Microsoft Security Essentials (MSE), the software giant's free antimalware solution, is one of the few products that is not affected by the recently rediscovered method for disabling security software on Windows
. MSE does not use SSDT hooks, so its real-time protection cannot be disabled via this method.
When the report was first published, we noticed that MSE was not on the list of affected products and contacted Microsoft for clarification. "Microsoft is aware of research published by Matousec and we are investigating the issue," a Microsoft spokesperson told Ars. "Based on available information, we do not believe our products are affected due to the design of our real-time protection. We are working to confirm this."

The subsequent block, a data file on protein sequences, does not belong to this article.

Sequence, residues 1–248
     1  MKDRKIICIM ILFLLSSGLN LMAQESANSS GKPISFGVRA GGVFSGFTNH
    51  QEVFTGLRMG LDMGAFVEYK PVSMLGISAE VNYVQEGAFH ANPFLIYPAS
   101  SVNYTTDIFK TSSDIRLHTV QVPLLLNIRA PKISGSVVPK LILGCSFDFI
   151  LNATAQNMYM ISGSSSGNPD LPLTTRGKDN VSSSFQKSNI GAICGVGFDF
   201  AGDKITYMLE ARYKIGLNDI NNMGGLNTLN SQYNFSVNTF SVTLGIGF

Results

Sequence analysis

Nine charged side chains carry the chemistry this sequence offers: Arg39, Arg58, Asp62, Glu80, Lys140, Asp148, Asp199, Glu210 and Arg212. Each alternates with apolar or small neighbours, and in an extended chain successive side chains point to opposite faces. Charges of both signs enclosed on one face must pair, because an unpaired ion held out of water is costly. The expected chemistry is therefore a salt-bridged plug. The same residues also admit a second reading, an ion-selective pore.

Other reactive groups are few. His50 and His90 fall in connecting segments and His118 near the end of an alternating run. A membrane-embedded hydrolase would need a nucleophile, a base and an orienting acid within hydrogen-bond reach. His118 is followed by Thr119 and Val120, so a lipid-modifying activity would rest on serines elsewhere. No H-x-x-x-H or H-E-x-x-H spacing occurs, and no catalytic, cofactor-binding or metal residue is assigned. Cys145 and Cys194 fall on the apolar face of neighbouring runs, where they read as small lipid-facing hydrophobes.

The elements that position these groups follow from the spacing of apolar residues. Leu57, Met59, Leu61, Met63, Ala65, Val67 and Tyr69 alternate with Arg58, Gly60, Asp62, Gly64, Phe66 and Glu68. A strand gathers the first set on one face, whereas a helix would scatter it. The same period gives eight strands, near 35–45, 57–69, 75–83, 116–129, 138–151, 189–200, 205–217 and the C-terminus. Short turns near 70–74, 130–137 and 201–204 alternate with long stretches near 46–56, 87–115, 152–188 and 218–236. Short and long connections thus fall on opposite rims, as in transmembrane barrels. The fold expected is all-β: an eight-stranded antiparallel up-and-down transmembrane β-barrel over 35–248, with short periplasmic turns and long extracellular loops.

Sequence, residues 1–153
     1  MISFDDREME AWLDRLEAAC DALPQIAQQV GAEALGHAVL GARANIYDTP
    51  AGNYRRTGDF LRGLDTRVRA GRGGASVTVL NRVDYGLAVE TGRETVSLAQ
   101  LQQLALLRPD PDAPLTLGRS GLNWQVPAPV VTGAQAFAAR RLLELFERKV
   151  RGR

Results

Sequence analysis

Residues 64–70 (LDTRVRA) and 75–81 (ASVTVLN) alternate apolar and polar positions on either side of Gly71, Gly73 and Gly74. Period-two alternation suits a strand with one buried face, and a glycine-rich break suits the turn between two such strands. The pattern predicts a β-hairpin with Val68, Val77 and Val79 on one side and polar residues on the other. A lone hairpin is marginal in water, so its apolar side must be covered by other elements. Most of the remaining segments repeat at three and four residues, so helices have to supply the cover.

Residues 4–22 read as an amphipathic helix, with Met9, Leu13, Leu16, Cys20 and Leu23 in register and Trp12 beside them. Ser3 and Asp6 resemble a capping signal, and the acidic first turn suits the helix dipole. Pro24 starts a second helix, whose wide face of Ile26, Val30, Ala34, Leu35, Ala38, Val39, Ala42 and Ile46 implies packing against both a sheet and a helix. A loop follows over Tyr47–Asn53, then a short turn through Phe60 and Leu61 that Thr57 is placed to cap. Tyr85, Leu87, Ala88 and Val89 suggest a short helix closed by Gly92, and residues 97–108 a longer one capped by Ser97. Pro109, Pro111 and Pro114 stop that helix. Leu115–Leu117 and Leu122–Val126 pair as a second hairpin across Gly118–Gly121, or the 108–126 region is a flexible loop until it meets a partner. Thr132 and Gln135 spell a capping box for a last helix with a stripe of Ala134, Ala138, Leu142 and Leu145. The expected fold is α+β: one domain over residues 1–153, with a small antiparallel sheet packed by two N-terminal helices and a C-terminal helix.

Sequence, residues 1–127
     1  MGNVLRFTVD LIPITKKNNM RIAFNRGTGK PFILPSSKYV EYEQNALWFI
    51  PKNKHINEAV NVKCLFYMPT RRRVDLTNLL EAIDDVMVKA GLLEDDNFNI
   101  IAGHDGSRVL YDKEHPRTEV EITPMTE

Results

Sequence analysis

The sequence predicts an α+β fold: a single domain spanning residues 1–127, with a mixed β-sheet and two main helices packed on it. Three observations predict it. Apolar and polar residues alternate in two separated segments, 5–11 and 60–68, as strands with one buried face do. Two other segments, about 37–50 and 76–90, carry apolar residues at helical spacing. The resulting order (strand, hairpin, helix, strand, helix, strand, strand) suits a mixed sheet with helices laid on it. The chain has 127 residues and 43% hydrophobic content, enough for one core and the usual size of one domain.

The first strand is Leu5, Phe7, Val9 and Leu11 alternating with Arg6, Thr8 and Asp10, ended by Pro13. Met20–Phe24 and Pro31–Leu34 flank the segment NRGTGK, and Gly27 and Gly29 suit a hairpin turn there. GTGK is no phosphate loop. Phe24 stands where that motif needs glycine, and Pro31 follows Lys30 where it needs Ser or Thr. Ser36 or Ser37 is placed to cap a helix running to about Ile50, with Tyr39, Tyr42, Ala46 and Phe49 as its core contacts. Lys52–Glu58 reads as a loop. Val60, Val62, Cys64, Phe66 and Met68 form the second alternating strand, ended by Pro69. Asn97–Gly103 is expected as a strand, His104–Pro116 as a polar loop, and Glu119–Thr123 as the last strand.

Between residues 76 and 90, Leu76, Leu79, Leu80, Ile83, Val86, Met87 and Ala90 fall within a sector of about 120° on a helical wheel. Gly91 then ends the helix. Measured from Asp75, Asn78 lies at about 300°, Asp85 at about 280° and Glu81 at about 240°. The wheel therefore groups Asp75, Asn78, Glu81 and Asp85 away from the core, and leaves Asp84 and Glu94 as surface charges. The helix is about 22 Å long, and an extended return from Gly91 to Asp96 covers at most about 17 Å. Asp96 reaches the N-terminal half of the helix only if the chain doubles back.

Microsoft said someone would get back to us, but we figured it would be quicker to go straight to the source. "As we assumed, MSE does not implement any hooks and hence it can not be attacked by KHOBE technique," a Matousec spokesperson told Ars. "It might be confusing when you read various media comments on KHOBE research that mention that all antivirus products are vulnerable, but they miss the most important thing, which is that only software that implements hooking can be vulnerable. Only some antivirus products implement hooks but many antivirus products do not use hooks at all. The major group of software that is affected are not antivirus products but HIPS [Host Intrusion Prevention System] software, behavior blockers, various Internet Security Suites with host protection features etc." Update: “Microsoft has worked directly with Matousec to confirm that Microsoft Security Essentials and Forefront Client Security products are not affected by their KHOBE research due to the design of our real-time protection,” a Microsoft spokesperson eventually followed up with.